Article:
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|Title:||Effects of substitution, and adding of carbohydrate and fat to whey-protein on energy intake, appetite, gastric emptying, glucose, insulin, ghrelin, cck and glp-1 in healthy older men - a randomized controlled trial|
Van Der Burgh, Y.
|Citation:||Nutrients, 2018; 10(2):113-1-113-14|
|Caroline Giezenaar, Yonta van der Burgh, Kylie Lange, Seva Hatzinikolas, Trygve Hausken, Karen L. Jones, Michael Horowitz, Ian Chapman, and Stijn Soenen|
|Abstract:||Protein-rich supplements are used widely for the management of malnutrition in the elderly. We reported previously that the suppression of energy intake by whey protein is less in older than younger adults. The aim was to determine the effects of substitution, and adding of carbohydrate and fat to whey protein, on ad libitum energy intake from a buffet meal (180-210 min), gastric emptying (3D-ultrasonography), plasma gut hormone concentrations (0-180 min) and appetite (visual analogue scales), in healthy older men. In a randomized, double-blind order, 13 older men (75 ± 2 years) ingested drinks (~450 mL) containing: (i) 70 g whey protein (280 kcal; 'P₂₈₀'); (ii) 14 g protein, 28 g carbohydrate, 12.4 g fat (280 kcal; 'M₂₈₀'); (iii) 70 g protein, 28 g carbohydrate, 12.4 g fat (504 kcal; 'M₅₀₄'); or (iv) control (~2 kcal). The caloric drinks, compared to a control, did not suppress appetite or energy intake; there was an increase in total energy intake (drink + meal, p < 0.05), which was increased most by the M₅₀₄-drink. P₂₈₀- and M₅₀₄-drink ingestion were associated with slower a gastric-emptying time (n = 9), lower ghrelin, and higher cholecystokinin (CCK) and glucagon-like peptide-1 (GLP-1) than M₂₈₀ (p < 0.05). Glucose and insulin were increased most by the mixed-macronutrient drinks (p < 0.05). In conclusion, energy intake was not suppressed, compared to a control, and particularly whey protein, affected gastric emptying and gut hormone responses.|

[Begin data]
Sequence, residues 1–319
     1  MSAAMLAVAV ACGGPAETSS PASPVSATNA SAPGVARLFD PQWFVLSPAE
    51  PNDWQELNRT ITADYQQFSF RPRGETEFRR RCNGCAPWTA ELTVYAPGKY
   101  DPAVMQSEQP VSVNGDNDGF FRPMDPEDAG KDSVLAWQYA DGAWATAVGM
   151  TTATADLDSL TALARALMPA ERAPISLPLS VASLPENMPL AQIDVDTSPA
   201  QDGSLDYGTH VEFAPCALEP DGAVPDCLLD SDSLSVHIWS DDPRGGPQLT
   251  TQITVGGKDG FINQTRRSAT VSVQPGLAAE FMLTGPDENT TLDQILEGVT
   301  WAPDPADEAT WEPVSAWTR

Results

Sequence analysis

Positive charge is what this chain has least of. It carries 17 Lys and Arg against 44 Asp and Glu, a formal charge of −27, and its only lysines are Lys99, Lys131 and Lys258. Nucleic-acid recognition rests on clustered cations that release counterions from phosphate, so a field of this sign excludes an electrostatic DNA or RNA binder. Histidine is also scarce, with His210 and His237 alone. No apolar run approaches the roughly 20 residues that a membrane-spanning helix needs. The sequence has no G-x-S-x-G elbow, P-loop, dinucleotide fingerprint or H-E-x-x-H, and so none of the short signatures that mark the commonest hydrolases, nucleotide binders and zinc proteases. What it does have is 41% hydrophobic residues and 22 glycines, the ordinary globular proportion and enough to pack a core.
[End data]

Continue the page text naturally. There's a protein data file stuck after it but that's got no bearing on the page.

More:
|Keywords:||Whey protein; energy intake; gastric emptying; gut hormones; aging|
|Rights:||© 2018 by the authors. Licensee MDPI, Basel, Switzerland. This article is an open access article distributed under the terms and conditions of the Creative Commons Attribution (CC BY) license (http://creativecommons.org/licenses/by/4.0/).|
|Appears in Collections:||Medicine publications|
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